NX-API

Having recently read the Cisco Press book on network Programming and Automation and as part of my NP-DEV studies, scripting on the Nexus platform was not something I had attempted. As with learning anything it always helps to have an actual use case, otherwise you end up stuck in mindless versions of helloworld!

Finally one arrived in the a forum port on the Cisco Support Community.

Requirement

  • Log onto a series of Nexus chassis
  • Check status of interfaces, looking interfaces in a ‘notconnected’ state
  • Place these interfaces into a non-routable VLAN, and shutdown the interface

The how

For the Nexus 5596UP which I am working on, you will need at least version 7.2(0)N1(1) of NX-OS installed.

Configuring the NX-API on the switch is blissfully easy, and the options are fairly sparse:

!
feature nxapi
nxapi https port 8080
!

It is worth noting that once enabled, the nxapi service listens on all Layer3 interfaces configured on the Nexus. This is where the lack of nxapi commands, not even a vrf one, falls short of the mark. Configure ACLs to secure this as required.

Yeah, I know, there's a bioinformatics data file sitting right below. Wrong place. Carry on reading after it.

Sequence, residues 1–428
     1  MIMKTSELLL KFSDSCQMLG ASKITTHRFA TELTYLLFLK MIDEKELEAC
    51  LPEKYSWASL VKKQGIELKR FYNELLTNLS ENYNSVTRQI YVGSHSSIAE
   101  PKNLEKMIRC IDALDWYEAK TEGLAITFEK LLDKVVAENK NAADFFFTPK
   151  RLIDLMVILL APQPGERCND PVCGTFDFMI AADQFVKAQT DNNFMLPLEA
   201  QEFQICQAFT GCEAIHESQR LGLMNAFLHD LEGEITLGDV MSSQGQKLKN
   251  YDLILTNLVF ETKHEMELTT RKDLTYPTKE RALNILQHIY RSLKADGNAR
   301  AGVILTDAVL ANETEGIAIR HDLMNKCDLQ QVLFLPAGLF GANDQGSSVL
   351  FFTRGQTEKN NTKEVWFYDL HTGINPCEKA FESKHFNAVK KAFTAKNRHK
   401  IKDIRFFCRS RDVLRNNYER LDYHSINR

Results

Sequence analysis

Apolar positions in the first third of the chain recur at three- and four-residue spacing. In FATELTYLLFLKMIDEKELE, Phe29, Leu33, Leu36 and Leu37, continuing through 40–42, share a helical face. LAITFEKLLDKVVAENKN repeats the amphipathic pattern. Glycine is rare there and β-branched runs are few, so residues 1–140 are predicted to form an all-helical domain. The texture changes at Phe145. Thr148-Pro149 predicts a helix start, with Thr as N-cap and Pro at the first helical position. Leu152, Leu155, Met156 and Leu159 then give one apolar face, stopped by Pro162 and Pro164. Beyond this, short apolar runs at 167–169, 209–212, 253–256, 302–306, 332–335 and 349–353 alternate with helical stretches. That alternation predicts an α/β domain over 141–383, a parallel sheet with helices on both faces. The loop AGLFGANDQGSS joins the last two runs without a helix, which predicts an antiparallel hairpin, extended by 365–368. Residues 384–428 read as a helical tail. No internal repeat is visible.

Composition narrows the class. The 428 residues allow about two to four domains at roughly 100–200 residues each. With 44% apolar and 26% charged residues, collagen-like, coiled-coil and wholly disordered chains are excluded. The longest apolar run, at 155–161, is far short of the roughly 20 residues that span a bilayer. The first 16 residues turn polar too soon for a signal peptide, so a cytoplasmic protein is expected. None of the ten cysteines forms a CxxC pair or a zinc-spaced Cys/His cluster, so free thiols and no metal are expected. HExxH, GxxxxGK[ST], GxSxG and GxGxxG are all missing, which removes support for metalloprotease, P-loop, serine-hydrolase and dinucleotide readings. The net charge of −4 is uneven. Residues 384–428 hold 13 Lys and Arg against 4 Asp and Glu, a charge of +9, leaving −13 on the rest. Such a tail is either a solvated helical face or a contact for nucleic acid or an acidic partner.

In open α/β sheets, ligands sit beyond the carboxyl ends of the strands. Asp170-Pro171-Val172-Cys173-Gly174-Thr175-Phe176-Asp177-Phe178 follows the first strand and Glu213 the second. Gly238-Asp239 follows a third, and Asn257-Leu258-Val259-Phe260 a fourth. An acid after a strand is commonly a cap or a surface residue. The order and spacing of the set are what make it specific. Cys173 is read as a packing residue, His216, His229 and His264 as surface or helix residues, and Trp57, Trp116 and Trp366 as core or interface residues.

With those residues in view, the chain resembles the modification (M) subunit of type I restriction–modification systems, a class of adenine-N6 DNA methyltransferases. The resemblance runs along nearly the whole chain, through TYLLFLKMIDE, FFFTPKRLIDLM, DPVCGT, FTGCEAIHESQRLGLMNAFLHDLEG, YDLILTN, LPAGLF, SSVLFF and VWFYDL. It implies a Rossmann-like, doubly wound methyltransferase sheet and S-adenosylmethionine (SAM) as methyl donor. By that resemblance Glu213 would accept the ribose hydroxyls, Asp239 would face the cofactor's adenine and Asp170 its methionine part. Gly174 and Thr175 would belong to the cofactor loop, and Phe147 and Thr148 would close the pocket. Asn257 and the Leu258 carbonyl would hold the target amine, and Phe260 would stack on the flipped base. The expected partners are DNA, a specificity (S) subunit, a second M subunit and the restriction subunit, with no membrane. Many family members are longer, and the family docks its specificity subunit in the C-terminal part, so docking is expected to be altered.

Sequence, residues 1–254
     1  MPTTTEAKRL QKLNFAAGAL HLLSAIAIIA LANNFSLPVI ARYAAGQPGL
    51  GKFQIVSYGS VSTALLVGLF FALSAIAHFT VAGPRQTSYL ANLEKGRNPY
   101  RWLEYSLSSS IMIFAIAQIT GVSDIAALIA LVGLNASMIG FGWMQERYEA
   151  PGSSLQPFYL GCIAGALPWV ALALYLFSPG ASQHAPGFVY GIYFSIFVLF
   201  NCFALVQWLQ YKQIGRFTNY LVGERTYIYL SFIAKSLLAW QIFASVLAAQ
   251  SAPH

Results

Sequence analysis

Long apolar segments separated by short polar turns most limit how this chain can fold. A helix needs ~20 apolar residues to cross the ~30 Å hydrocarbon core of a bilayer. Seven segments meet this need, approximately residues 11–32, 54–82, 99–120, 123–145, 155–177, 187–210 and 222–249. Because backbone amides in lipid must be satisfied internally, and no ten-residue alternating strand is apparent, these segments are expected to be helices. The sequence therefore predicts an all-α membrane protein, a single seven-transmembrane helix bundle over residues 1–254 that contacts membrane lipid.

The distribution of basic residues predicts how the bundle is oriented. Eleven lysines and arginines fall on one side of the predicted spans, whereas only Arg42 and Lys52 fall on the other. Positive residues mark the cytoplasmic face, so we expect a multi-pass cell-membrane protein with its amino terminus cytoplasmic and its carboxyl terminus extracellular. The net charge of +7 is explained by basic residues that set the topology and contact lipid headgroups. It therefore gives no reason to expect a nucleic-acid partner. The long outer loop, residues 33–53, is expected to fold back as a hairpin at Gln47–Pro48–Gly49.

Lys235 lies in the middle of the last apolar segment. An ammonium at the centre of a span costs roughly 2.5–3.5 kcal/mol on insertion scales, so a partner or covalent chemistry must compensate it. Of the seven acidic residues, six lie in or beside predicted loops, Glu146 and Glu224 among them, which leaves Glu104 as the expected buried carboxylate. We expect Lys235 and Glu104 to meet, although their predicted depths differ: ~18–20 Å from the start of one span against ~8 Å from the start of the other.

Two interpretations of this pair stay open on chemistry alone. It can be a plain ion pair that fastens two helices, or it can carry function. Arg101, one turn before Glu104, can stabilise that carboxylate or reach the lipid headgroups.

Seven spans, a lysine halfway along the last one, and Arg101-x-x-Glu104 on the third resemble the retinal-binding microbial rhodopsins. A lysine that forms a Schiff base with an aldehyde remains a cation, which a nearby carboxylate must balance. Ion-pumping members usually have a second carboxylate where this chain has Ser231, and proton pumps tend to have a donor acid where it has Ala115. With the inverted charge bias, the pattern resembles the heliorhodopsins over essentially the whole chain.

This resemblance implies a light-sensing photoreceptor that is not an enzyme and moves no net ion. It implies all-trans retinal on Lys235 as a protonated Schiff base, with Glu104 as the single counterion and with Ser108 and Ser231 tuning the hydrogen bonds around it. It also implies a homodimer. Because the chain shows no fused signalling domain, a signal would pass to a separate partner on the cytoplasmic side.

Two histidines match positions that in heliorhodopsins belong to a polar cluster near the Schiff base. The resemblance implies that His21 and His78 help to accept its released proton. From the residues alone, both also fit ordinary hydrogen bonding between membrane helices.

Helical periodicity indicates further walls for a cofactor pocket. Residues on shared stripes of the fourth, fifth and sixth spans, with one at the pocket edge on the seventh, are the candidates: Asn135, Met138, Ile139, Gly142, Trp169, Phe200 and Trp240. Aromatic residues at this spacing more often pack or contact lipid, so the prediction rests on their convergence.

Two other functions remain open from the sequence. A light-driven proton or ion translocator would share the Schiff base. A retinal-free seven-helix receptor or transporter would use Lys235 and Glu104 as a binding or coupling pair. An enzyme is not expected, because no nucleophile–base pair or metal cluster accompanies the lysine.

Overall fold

The nxapi also has a sandbox feature which provides a webGUI showing how to construct REST messages in various formats containing cli commands of your own specification, and also the returned response containing live data.

nxapi-sandbox

This is enabled with the following command:

!
nxapi sandbox
!

The python script can be summarised:

  • Iterates of a list of IP addresses, calling the method create_config_commands() on each one.
  • This builds a payload data structure of the format shown in the sandbox screenshot above. The Request.response is iterated through looking for matches of the “state” key value.
  • A string config_commands is then constructed, appending each matched interface.
  • config_commands is then used in another nxapi POST call, this time of type “cli_conf“, to apply the config to the target switch.

Leave a Reply

Fill in your details below or click an icon to log in:

WordPress.com Logo

You are commenting using your WordPress.com account. Log Out /  Change )

Google photo

You are commenting using your Google account. Log Out /  Change )

Twitter picture

You are commenting using your Twitter account. Log Out /  Change )

Facebook photo

You are commenting using your Facebook account. Log Out /  Change )

Connecting to %s

Blog at WordPress.com.

Up ↑

%d bloggers like this: